Alaska Legislature fails to override vetoes that prompt cuts

Empty seats are seen at a joint session of the Alaska Legislature, called to consider overriding Gov.Mike Dunleavy's budget vetoes Wednesday, July 10, 2019, Juneau, Alaska. Nearly a third of lawmakers were absent from the session at the Capitol, opting to meet in Wasilla instead, leaving only 38 members meeting in Juneau. It would take 45 votes to override the vetoes.

Former North Pole Republican Rep. Al Vezey and his attorney, local criminal justice lawyer Bill Satterberg, officially filed a lawsuit Wednesday against House and Senate leadership for their failure to appear at Gov. Mike Dunleavy’s special session in Wasilla. 

The lawsuit, filed at noon Wednesday, outlines 24 complaints against the defendants, House Speaker Bryce Edgmon, I-Dillingham, and Senate President Cathy Giessel, R-Anchorage, and seeks to accomplish three things: confirm the Juneau session as invalid, compel lawmakers to convene in Wasilla and make any laws passed during the Juneau session invalid.

Satterberg told the Daily News-Miner in a Wednesday afternoon phone call that regardless of the location, he wants to see action, but adding that he feels Wasilla is the right location and order to accomplish anything lawmakers must be in the same place. 

“The complaint is that the governor has designated a special session and he has also specified in Wasilla,” Satterberg told the Daily News-Miner in a previous interview Monday, adding that he thinks Wasilla is a “better” location.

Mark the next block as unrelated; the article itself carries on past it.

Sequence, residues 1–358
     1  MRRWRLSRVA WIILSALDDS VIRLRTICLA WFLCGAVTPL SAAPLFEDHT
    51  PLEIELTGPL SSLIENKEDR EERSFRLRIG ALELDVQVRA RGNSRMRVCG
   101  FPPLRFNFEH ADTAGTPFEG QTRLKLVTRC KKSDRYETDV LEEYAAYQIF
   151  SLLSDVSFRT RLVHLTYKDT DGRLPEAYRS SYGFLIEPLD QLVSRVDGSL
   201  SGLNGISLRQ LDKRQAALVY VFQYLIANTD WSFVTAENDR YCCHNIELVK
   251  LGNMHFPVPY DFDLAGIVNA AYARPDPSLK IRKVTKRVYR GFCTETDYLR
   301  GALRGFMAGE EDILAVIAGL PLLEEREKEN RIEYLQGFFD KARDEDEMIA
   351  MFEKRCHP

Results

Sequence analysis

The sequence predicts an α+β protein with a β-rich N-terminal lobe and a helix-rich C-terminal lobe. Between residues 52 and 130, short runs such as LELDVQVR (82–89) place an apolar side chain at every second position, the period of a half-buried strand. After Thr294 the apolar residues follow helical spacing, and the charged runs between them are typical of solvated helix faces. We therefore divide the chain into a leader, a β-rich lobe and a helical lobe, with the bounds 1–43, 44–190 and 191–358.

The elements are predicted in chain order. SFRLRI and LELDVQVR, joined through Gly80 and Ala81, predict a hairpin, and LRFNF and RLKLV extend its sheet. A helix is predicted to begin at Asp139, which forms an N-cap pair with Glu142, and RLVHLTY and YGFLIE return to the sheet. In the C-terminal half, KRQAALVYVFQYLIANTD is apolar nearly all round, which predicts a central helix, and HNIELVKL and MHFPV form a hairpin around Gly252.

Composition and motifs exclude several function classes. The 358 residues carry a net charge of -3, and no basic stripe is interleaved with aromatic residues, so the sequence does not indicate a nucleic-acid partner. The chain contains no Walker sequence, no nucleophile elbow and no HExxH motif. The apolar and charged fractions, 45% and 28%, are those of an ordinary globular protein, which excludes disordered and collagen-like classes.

Vezey and Satterberg are basing the lawsuit on their interpretation that the lawmakers meeting in Juneau are in violation of state statute and the Alaska Constitution, both of which they argue supports Gov. Mike Dunleavy’s ability to designate the location of a special session.

“Prior to July 8, 2019, any assertions by Defendants as to convening the legislature in Juneau, Alaska were nothing more than political rhetoric,” the legal complaint read. “However, on July 8, 2019, the Defendants, as presiding officers of their respective bodies, attempted to convene a session of the legislature in Juneau, Alaska in contempt of the constitutionally ordained mandate to comply with Gov. Dunleavy’s executive proclamation.”

According to state law passed in 1982, the support of 40 lawmakers are required to choose the location of a special session. As of Wednesday morning, only 39 wanted to meet in Juneau and only 38 were actually present in Juneau. 

Given that such a location vote had not been achieved, the complaint asserted the viewpoint that the meeting of lawmakers in Juneau “was not and is not (as of this date [July 10, 2019]) a legally constituted legislative session” but rather “nothing more than a gathering of members of the Legislature.”

The governor’s position that he has the legal right to declare the location of a special session is supported by state Attorney General Kevin Clarkson. 

While typically, the Superior Court has general jurisdiction, Satterberg told reporters he believed the suit would eventually be heard in the Alaska Supreme Court.

Contact staff writer Erin McGroarty at 459-7544. Follow her on Twitter: @FDNMPolitics.